Veterinary and Agricultural Sciences Collected Works - Research Publications

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    Improved Wheat Growth and Yield by Delayed Leaf Senescence Using Developmentally Regulated Expression of a Cytokinin Biosynthesis Gene
    Joshi, S ; Choukimath, A ; Isenegger, D ; Panozzo, J ; Spangenberg, G ; Kant, S (FRONTIERS MEDIA SA, 2019-10-18)
    Delaying leaf senescence in plants, especially under water stress conditions, can help to maintain the remobilization of stored nutrients in source-sink relationships, thus leading to improved crop yields. Leaf senescence can be delayed by plant hormones such as cytokinin. Here, the Isopentenyl transferase (IPT) gene, encoding a cytokinin biosynthesis enzyme, driven by a modified AtMYB32xs promoter was transformed into wheat. Transgenic wheat plants exhibited delayed leaf senescence, retaining chlorophyll for longer under controlled environment conditions. Selected independent transgenic events and their corresponding nulls were grown under field conditions for two consecutive years under well-watered and water stress treatments using automated rainout shelters. Three independent transgenic events had improved canopy green cover, lower canopy temperatures, and higher leaf water potential than their respective non-transgenic nulls, with no abnormality in morphology and phenology. Increased grain yield was observed in transgenic events under both water treatments, with the yield increase more pronounced under water stress (26-42%). These results have shown that delayed leaf senescence using the chimeric transgene AtMYB32xs-p::IPT can be a useful strategy to achieve grain yield gains in wheat and potentially other crops for sustainable food production.
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    Genomic Prediction and Genetic Correlation of Agronomic, Blackleg Disease, and Seed Quality Traits in Canola (Brassica napus L.)
    Fikere, M ; Barbulescu, DM ; Malmberg, MM ; Maharjan, P ; Salisbury, PA ; Kant, S ; Panozzo, J ; Norton, S ; Spangenberg, GC ; Cogan, NOI ; Daetwyler, HD (MDPI, 2020-06-01)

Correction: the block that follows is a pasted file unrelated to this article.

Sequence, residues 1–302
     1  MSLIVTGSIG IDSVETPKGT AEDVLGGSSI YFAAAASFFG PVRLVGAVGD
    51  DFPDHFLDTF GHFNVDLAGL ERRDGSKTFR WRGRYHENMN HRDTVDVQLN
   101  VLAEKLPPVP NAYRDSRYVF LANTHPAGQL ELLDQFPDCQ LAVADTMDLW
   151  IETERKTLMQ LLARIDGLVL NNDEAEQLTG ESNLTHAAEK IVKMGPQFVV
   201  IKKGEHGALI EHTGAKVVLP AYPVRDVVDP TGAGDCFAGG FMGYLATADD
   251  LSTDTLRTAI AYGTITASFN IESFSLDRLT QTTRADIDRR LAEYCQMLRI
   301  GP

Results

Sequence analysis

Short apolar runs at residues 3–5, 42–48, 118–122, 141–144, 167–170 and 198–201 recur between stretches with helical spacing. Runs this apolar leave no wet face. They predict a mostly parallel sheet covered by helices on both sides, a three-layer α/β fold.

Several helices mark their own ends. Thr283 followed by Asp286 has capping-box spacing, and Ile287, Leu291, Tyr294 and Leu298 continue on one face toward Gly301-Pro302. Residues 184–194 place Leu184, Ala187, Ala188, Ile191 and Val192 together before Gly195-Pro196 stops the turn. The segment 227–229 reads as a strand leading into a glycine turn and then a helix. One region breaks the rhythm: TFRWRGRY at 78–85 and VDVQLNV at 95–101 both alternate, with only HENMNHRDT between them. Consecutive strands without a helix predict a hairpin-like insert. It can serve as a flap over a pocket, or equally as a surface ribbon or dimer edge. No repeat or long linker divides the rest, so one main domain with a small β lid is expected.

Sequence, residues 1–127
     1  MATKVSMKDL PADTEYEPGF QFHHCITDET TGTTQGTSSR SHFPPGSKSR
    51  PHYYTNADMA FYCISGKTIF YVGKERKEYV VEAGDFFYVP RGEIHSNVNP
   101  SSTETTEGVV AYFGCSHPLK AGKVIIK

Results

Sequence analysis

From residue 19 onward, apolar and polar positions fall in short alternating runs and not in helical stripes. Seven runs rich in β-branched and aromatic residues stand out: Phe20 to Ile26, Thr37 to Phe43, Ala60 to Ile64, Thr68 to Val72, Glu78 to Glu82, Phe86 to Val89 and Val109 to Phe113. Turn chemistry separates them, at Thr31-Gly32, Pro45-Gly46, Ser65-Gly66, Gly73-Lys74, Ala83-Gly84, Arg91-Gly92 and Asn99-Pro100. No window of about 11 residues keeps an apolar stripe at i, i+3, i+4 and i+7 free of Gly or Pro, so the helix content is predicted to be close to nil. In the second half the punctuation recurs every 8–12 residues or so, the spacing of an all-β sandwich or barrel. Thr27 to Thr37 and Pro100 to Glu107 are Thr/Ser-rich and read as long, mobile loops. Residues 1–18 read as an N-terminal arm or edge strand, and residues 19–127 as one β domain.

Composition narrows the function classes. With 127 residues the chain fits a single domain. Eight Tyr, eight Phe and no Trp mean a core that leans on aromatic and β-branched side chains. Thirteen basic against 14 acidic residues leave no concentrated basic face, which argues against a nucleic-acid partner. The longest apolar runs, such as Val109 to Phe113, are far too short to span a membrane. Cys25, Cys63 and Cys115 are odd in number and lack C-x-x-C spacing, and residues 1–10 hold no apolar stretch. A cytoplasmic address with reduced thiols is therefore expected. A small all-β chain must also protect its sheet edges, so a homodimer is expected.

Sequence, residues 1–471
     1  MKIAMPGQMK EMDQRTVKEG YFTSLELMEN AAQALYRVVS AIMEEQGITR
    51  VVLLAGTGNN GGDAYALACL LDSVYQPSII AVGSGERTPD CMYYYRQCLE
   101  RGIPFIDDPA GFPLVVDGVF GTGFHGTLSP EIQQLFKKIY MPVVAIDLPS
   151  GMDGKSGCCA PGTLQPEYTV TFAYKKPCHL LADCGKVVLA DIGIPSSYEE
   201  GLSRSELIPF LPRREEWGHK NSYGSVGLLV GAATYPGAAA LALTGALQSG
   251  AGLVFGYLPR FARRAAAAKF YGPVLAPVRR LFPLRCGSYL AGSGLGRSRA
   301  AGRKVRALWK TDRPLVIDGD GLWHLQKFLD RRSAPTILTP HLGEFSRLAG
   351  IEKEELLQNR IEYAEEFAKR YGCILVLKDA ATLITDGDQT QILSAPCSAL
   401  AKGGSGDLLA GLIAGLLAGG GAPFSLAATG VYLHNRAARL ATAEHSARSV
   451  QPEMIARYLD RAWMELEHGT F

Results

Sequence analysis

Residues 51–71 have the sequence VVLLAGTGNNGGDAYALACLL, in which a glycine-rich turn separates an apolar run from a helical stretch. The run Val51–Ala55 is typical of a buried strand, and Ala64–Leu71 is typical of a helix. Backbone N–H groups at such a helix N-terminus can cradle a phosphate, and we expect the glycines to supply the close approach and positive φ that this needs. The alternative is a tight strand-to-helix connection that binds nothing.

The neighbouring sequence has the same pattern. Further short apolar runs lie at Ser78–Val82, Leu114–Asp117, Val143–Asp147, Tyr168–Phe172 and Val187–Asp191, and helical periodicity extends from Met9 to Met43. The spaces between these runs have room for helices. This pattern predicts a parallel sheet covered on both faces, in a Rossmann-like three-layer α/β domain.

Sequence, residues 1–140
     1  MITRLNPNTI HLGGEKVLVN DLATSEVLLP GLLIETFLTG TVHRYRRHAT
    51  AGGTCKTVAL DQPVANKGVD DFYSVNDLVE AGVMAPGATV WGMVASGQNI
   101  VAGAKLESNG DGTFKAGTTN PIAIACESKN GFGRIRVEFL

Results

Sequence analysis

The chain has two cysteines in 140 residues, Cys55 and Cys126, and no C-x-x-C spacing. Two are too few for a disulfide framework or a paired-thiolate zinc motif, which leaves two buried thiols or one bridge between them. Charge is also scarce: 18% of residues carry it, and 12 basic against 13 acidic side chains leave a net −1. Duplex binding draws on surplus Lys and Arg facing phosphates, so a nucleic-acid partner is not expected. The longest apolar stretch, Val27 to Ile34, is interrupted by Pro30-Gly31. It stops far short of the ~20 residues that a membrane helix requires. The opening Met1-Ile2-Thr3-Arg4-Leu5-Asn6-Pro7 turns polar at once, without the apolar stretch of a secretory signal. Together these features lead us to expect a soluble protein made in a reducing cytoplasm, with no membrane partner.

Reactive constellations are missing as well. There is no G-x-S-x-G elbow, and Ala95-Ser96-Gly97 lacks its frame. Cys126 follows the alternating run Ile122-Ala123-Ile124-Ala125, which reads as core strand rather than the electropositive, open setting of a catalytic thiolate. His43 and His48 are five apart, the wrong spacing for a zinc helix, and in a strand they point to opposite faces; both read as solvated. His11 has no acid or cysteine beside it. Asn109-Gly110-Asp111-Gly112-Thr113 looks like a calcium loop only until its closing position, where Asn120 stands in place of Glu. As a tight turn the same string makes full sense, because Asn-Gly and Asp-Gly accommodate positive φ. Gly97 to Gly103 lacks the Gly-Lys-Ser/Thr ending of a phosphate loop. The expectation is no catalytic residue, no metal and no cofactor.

Genomic selection accelerates genetic progress in crop breeding through the prediction of future phenotypes of selection candidates based on only their genomic information. Here we report genetic correlations and genomic prediction accuracies in 22 agronomic, disease, and seed quality traits measured across multiple years (2015-2017) in replicated trials under rain-fed and irrigated conditions in Victoria, Australia. Two hundred and two spring canola lines were genotyped for 62,082 Single Nucleotide Polymorphisms (SNPs) using transcriptomic genotype-by-sequencing (GBSt). Traits were evaluated in single trait and bivariate genomic best linear unbiased prediction (GBLUP) models and cross-validation. GBLUP were also expanded to include genotype-by-environment G × E interactions. Genomic heritability varied from 0.31to 0.66. Genetic correlations were highly positive within traits across locations and years. Oil content was positively correlated with most agronomic traits. Strong, not previously documented, negative correlations were observed between average internal infection (a measure of blackleg disease) and arachidic and stearic acids. The genetic correlations between fatty acid traits followed the expected patterns based on oil biosynthesis pathways. Genomic prediction accuracy ranged from 0.29 for emergence count to 0.69 for seed yield. The incorporation of G × E translates into improved prediction accuracy by up to 6%. The genomic prediction accuracies achieved indicate that genomic selection is ready for application in canola breeding.